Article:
What You Might Not Know about the History of International Women’s Day

Today is International Women’s Day. It was founded in 1908 with a march through New York City of women demanding better pay, better working conditions and the right to vote. Since then, it’s been commemorated around the world as a day to celebrate progress toward gender equality and focus attention on the big gaps that remain.

For the broader UN family and NGO community, IWD has become an inflection point for the various agencies to call attention to how their work supports gender parity. For example, the International Labor Organization released an exhaustive report today on female workforce participation around the world The World Food Program is highlighting how its humanitarian operations empower women in South Sudan; and UN Women posted a video reminding world leaders of the pledges they made regarding gender equality at a recent international summit last December.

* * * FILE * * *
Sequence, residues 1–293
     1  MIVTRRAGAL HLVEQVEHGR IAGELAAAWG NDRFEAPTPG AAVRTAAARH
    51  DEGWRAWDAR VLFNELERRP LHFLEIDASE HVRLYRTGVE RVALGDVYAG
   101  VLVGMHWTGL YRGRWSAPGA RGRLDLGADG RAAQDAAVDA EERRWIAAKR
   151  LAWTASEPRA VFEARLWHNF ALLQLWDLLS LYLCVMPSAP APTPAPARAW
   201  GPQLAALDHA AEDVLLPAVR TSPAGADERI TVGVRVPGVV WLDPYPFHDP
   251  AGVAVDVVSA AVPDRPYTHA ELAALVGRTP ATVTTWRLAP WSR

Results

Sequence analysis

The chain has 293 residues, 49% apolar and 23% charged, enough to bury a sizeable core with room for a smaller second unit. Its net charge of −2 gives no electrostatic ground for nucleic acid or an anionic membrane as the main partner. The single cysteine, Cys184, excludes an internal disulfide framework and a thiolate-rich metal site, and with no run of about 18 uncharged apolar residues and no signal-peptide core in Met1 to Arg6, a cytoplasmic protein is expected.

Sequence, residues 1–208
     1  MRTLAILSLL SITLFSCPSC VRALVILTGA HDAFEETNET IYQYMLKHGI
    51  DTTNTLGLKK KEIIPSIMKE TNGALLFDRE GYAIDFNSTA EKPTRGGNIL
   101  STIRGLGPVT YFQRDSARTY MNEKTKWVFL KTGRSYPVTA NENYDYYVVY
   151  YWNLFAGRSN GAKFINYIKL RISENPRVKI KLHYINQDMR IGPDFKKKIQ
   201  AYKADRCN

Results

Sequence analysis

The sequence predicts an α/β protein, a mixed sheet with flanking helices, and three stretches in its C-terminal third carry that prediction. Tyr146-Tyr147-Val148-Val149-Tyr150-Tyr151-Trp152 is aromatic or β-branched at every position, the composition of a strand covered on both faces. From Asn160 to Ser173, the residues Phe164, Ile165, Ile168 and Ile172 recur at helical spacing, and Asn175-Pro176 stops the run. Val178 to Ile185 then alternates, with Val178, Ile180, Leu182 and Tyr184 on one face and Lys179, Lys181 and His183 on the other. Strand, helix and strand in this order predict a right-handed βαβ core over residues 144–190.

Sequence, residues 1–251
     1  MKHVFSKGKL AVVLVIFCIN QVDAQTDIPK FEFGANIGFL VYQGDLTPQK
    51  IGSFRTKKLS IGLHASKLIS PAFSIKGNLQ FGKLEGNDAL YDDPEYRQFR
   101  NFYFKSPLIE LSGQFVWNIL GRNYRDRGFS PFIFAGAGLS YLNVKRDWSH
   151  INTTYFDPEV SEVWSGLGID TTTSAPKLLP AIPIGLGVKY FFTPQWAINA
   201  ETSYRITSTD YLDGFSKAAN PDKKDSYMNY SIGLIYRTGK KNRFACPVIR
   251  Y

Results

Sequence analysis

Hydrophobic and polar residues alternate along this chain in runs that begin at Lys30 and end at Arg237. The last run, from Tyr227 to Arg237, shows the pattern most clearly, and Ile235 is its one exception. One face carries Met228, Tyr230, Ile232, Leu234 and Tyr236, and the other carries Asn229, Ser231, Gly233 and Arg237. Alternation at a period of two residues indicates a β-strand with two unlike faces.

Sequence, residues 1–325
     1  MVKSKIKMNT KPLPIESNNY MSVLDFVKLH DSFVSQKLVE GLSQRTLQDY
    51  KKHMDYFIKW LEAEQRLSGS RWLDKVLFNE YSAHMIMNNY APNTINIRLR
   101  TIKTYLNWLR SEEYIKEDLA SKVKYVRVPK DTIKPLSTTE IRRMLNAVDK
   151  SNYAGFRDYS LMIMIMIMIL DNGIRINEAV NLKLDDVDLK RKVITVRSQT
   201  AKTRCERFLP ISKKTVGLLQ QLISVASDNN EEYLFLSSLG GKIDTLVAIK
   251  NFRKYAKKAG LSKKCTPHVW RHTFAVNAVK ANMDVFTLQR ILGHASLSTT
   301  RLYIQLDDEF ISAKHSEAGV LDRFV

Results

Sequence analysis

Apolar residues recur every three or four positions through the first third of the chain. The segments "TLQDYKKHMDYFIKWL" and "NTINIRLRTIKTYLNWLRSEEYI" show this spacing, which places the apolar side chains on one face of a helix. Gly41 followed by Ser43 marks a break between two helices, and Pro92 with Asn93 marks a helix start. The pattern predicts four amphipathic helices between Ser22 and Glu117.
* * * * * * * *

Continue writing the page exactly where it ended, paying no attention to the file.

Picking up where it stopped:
These five images, created by the United Nations Foundation, distill into succinct statistics why, 108 years later, we still so profoundly need an International Women’s Day.

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